Friday, October 17, 2014

Prancing, Sewing, and Cake

October 17, 2014


               It was a pretty slow week this week, being the school just came off a break.  My escapades were the talk of the school for about a day though.  It didn't really bother me that much, since I tend to be a good sport about those things.  There was also the fact that my sickness made for a great introduction and review for my sixth graders who just finished learning about bacteria before the break.  Bacteria in action kids, isn't biology grand.  Now whether it was the interesting lesson or the fact that their teacher was acting like an idiot for fifteen minutes, I’ll never know.  Me personally, I’m going with they thought it was interesting.  Monday wasn't the only day that I ran around the room acting like a fool for my lovely little midgets.  Their plan for the week included protozoans so they got a double feature of teacher demonstrations.  The big homeroom activity for the week was quilt making so each homeroom had to bring in fabric, needles, and thread (more on that later), which I put to good use.  One of my students brought in what I think was an ironing board cover, so I turned it into a life sized flagella waving it around, while prancing around the room.  Don’t laugh, if you have a better way to demonstrate how a flagella works then I want to see it.  Of course you can’t cover protozoans without covering amoebas, so I donned the bed sheet one of my homeroom kids brought in to demonstrate how an amoeba moves and eats.  It would have been a lot easier, but these kids haven’t seen the Steve McQueen, horror movie classic, The Blob, which incidentally acts like a giant amoeba.

               No prancing around the room for my ninth graders sadly, hey I do have some dignity.  Instead they had 4 different labs in 3 days.  Real simple things, use density to determine the metal composition of a coin, identify substances using physical and chemical properties, and examine physical and chemical changes.  You couldn't tell by looking at them though, it was like we were doing serious chemistry or cooking something.  They went nuts when adding sodium hydroxide to a solution of water and phenolphthalein turned pink, and then again when adding hydrochloric acid changed it back.  Another kudos to my students was their bulletin boards, which were nicely done.  After posting them this morning I caught at least half a dozen students stopping to read some of them.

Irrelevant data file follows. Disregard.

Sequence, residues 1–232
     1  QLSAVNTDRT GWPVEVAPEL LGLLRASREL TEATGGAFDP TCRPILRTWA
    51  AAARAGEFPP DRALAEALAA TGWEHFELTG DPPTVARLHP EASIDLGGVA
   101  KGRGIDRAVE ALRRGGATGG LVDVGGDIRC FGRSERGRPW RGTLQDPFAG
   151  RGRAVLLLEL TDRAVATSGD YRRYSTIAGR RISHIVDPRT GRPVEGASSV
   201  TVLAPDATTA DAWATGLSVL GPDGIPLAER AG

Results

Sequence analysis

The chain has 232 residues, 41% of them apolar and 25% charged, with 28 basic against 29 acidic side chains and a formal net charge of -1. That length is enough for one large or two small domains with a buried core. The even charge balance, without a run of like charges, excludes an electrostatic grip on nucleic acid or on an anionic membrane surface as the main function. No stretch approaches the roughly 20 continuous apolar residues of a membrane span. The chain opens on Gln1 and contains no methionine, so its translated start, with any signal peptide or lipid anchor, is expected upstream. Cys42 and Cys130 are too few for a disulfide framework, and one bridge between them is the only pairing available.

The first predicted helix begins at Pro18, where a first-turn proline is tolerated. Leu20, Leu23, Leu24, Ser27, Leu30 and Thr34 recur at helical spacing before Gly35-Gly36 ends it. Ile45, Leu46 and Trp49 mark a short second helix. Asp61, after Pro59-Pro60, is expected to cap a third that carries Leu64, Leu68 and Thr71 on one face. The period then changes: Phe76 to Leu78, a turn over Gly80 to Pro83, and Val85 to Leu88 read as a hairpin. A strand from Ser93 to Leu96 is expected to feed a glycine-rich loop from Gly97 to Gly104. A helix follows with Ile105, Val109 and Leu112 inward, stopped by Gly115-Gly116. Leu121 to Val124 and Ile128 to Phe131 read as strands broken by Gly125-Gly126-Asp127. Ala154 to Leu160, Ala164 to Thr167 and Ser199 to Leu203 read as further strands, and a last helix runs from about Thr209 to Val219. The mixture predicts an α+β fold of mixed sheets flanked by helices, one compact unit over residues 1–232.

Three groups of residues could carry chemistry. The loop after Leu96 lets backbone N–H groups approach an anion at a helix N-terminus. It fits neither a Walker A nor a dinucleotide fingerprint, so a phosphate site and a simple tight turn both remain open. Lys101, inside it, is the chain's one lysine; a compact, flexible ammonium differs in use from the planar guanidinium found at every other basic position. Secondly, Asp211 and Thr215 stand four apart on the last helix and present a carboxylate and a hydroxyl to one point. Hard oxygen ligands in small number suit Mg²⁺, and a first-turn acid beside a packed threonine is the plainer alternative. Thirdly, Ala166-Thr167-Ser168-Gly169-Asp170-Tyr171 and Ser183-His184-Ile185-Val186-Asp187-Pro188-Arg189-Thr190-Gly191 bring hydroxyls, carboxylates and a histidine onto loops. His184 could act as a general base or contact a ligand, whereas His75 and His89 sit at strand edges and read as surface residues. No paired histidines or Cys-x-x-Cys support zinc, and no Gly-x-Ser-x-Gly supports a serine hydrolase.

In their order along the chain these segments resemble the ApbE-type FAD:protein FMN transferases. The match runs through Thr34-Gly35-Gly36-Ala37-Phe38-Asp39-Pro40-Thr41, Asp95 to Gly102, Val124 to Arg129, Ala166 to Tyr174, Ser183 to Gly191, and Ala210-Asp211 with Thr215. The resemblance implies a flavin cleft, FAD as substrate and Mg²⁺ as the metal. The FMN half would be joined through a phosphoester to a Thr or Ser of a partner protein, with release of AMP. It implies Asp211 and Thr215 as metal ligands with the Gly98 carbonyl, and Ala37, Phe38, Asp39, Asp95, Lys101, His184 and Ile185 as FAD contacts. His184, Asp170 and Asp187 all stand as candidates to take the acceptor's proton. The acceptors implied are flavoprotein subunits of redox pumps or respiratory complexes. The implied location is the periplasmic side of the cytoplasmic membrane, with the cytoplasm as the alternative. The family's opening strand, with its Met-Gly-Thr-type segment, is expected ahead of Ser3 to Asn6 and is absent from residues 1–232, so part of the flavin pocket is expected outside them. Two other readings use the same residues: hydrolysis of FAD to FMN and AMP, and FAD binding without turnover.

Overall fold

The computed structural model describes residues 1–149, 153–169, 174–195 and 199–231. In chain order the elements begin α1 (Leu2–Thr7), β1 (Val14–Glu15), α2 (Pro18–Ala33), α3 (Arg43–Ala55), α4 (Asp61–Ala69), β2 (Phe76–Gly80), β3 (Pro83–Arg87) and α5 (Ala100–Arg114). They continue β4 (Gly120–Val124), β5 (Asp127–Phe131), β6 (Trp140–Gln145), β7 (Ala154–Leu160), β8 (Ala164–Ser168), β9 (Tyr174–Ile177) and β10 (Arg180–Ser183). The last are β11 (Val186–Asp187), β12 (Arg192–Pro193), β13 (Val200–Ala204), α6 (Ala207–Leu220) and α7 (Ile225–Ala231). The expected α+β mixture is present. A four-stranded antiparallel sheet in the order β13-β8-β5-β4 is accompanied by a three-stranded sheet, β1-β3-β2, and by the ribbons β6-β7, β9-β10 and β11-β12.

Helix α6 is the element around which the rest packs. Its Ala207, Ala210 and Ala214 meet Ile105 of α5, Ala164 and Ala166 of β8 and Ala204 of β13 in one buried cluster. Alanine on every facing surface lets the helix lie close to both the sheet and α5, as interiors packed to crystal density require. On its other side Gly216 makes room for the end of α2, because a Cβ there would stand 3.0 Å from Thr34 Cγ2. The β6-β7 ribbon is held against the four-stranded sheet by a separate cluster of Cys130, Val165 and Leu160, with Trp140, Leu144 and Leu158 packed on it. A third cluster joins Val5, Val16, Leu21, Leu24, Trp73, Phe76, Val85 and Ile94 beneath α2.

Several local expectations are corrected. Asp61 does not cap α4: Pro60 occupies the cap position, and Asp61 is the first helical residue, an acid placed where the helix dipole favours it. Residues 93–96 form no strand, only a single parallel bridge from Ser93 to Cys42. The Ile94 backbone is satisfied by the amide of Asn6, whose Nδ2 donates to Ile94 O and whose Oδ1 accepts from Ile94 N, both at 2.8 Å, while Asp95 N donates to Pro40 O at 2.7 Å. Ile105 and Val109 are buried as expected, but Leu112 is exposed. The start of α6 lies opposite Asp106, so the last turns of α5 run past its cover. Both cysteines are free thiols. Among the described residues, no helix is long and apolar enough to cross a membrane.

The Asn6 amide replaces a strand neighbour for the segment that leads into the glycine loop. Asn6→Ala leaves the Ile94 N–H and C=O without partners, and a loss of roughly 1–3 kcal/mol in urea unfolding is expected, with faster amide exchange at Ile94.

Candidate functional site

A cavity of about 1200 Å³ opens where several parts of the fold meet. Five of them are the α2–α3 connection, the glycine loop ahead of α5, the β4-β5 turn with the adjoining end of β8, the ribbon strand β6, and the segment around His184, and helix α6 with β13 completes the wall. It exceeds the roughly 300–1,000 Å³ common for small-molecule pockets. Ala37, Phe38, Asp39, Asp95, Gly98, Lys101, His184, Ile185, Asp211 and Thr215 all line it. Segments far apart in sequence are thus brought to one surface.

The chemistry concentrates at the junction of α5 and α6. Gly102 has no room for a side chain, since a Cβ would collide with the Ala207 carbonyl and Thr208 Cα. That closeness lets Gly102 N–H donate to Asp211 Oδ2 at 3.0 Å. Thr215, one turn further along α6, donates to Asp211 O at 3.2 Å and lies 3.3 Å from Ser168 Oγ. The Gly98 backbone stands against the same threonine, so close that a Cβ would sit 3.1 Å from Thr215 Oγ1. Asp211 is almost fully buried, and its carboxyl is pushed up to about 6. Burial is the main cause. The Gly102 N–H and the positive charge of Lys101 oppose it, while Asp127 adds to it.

The seniors didn't get any prancing either, but they did have a bit of a laugh.  I just started covering the nervous system with them, and I found a good lab that mimics the resting membrane potential of a nerve cell.  The lab would have the students measure the resting membrane potential and then observe how it changes over time.  The setup went well and everything was running and ready to go.  Only there was one problem, nothing was happening, so we waited, and waited, and waited.  It was at this point after taking a closer look at the Chinese voltmeters, that I discover, the meter only goes down to -20 millivolts.  The resting membrane potential of a nerve cell is -70 millivolts.

               Needless to say we had a good laugh, and I think there was some Mongolian cursing.


               The homeroom activity for this week was casual quilting.  Casual quilting is an activity that has my students cutting and sewing pieces of fabric together to eventually create a large quilt, when combined with the segments from the other homerooms.  Now this is a bit of a problem as I don’t know how to sew.  On top of that the last time I had any exposure to stitching was in medical school, and let’s just say they weren't teaching us how to make a quilt.

It’s all Mongolian to me

               I was saved by the fact that more than half of my students actually knew how to sew, so I only had to give minimal help.  One thing I can do is thread a needle, what to do after that not so much.  They may not have been using the back hand stitch, but it’s not like I would be able to tell.


               Who likes cake……? I do, yum!  One of the school clubs (don’t ask me which one) was selling baked goods in the lobby during lunch and they had homemade Mongolian sponge cake, and homemade Mongolian pound cake.  The students didn't skimp on the slices either and for three thousand tugriks I got two slices big enough to hide one of those big vitamin bottles in.  If this becomes a regular Friday thing, then I am putting in a regular order.  Oh so good.

Sponge cake

Pound cake

               In case you’re wondering I did have more than cake for lunch.  It was some kind of beef stew with potatoes, a nice counterpoint to the cake.

               Well that’s about everything for this week, but I will be venturing out into the city in a search for Portabello mushrooms, a new laptop charger, interesting pictures.